Choosing to work in emergency medicine is a big decision. Even if you have worked in other areas of the field, nothing can prepare you for the challenges of the emergency department.
Both my sister Dr Brunt, her husband and my aunty have worked in the Emergency department and from the stories they have shared, it takes a lot of hard work to develop the skills needed to be the best for the patients you treat.
Whether you’re working as an emergency medicine doctor, specialist nurse, or nursing assistant, your role is vital to the quick treatment and recovery of patients. You must be able to thrive in a fast-paced environment and there’s no time for panicking when patients’ lives are in your hands.
Emergency medicine is not a career for the faint-hearted and you will see some gory things. But you will need to keep a professional face and use your expertise to help your patients to overcome their injuries and illnesses.
Working in emergency medicine is incredibly rewarding but it’s not fit for everyone. To help you decide if it’s the right career path for you, here are four skills that you need to succeed when working in emergency medicine.
In emergency medicine, you will be responding to medical alert systems and emergency alarms. You will need to think and act quickly as every second counts when a patient is in serious need of help.
Your ability to think on your feet and quickly come up with solutions to nurse your patients back to optimal health is vital to your success. Whether you need to decide on the right type of medication for a patient or whether they are in need of emergency surgery, your whole day revolves around quick decision-making.
Of course, you won’t be completely on your own in your decision-making. You will be working closely with the rest of the team. However, your decision counts, and your team members will look to you for advice when in need.
Another core scale of every emergency medicine worker is being able to work well within a larger team.
Where do you work in the ER department in a hospital or you are part of the community-based emergency services team, you will never be working alone. Instead, you will be part of a much larger team that provides medical care to those who desperately need it.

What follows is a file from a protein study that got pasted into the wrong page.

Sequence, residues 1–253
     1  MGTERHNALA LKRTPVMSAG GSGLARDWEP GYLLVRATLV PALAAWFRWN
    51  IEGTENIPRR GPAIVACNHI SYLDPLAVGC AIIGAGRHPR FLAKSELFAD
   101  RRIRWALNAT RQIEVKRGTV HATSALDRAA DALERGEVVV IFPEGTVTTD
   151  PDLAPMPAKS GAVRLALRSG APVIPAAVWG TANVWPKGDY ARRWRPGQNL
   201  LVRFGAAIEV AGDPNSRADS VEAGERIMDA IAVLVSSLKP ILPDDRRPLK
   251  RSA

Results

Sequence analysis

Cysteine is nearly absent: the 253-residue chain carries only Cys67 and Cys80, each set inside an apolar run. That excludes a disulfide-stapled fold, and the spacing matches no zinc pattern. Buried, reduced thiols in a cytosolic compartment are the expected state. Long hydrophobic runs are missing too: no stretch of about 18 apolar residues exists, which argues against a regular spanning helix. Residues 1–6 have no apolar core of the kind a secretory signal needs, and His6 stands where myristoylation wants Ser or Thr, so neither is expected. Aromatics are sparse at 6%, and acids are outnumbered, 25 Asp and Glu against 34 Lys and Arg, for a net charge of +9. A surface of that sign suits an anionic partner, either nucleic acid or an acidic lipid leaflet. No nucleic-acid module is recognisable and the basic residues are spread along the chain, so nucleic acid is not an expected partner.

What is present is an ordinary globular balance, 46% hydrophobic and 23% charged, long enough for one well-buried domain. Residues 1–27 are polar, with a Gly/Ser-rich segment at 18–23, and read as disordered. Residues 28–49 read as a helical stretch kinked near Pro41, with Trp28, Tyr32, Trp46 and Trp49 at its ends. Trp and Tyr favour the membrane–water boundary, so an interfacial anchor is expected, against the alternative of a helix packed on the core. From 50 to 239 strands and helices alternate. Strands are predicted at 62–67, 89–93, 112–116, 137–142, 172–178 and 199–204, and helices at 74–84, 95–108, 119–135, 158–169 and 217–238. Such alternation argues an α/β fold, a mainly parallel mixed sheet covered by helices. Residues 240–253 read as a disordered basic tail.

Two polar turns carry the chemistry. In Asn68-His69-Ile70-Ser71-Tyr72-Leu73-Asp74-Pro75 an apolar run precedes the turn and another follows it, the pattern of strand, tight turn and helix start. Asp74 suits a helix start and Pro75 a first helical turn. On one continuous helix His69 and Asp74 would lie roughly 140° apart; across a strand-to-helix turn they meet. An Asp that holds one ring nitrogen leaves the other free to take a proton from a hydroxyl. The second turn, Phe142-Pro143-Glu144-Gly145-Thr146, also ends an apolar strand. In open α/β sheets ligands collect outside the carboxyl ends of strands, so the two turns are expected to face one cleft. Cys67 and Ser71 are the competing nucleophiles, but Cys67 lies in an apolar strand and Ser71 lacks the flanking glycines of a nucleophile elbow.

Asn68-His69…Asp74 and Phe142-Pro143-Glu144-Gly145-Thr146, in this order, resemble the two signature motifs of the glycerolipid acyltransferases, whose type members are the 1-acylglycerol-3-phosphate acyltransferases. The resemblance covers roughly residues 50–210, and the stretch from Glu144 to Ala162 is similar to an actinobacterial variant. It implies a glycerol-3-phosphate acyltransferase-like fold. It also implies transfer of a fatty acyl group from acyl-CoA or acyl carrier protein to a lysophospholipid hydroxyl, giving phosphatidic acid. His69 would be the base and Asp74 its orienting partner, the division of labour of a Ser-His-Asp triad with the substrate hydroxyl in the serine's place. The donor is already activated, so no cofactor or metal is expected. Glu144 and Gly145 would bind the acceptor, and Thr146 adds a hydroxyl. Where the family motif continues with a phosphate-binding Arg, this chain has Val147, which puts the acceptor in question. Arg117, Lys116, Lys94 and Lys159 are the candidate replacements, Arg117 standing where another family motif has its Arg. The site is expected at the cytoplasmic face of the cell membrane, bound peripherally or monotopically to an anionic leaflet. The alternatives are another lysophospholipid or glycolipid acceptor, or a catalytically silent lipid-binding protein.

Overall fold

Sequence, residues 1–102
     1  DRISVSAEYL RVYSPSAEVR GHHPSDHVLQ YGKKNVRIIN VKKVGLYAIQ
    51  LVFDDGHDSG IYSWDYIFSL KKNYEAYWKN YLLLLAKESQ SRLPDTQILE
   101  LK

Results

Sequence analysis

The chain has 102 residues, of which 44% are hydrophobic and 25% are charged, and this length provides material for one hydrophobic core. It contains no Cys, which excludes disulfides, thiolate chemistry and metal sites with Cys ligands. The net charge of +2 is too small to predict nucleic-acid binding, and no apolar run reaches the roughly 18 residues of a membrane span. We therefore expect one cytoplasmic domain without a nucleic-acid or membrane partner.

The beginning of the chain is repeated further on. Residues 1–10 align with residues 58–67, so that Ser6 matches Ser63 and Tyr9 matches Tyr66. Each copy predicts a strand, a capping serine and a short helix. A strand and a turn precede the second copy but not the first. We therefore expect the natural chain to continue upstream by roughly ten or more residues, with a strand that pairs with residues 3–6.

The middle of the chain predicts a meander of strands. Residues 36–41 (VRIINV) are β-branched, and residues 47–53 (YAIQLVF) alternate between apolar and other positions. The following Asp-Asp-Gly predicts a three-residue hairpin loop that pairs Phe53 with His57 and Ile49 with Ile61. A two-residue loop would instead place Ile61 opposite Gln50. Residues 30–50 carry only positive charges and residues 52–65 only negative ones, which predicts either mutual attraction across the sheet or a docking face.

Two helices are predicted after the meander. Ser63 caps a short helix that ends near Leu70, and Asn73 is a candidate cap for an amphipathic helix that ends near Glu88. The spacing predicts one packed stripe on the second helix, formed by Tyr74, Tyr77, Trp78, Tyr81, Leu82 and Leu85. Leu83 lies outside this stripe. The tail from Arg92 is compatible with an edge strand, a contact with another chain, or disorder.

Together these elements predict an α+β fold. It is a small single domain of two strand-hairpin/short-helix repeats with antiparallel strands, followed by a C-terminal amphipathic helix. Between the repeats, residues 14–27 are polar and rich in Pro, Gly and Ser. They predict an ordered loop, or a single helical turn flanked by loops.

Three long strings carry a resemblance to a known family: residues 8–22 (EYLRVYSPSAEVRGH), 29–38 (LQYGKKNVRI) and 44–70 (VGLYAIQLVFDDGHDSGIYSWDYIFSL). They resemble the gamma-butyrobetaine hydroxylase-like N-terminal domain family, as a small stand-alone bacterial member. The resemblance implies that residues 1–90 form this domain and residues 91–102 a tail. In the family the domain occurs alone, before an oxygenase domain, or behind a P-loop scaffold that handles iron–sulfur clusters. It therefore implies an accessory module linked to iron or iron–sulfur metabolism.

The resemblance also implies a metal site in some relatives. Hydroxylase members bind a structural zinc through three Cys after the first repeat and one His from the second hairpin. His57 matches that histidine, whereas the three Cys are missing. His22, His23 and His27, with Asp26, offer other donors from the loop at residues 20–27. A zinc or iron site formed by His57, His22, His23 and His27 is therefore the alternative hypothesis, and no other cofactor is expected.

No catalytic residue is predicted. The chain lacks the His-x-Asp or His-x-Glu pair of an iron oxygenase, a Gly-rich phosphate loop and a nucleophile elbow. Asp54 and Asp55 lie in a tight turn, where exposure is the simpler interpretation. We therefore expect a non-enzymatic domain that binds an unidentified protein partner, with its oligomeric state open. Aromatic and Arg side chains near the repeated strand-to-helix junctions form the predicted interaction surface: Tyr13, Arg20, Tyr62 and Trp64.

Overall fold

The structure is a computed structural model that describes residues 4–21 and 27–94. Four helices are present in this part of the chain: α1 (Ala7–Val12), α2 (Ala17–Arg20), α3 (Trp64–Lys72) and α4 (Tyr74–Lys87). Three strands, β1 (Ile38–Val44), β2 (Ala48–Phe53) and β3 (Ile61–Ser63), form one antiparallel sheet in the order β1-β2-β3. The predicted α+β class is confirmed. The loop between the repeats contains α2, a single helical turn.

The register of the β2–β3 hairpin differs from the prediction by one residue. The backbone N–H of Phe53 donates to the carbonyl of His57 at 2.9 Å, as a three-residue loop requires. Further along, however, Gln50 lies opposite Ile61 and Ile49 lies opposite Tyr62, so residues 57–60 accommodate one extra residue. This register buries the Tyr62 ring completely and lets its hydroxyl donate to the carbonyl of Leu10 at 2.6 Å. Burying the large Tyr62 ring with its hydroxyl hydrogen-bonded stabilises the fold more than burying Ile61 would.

You will work alongside the rest of the multidisciplinary team to determine the best types of treatment for every patient that you see. Together, you will create effective treatment plans that will provide the best outcomes for each patient.
As an emergency medicine worker, you will need great organization skills. Not only will you need to organize your own work schedule and find a work-life balance, but you will also need to help your patients to stay organized.
If you’re working in the ER department, you will help patients prepare themselves to head back home after a stay in the hospital. If you’re community-based, you will need to organize your daily schedule while also being flexible when major emergencies occur.
Once you arrive at a patient’s home in the community, you will need to assess the situation and organize the right medical equipment to treat them. You might also need to help patients organize their pills so that they feel safe and happy to look after themselves after an injury or fall.
Communication is important in any department of medicine. However, it’s especially important in emergency medicine because everything is so fast-paced.
You must be able to communicate with your whole team quickly and efficiently when you are faced with an emergency. When working within a large team under strict time constraints, you must be confident in communicating your opinions and needs.
You must also be able to communicate well with your patience on a level that they understand. Patients will feel much more comfortable and less stressed when they understand exactly what is going on and it’s down to you to clearly explain the treatment process to them.
Practicing effective communication skills not only puts your patients and colleagues at ease but also makes your job easier. Communication is a key aspect of teamwork and it enables everything to run smoothly.
Great communication is required at every stage of a patient’s journey through the ER department or with the emergency services.
For example, to make an initial diagnosis, you need to know which questions to ask patients and how to wean the right information out of their stories. You also need to communicate effectively with your colleagues to confirm test results and create the best treatment program.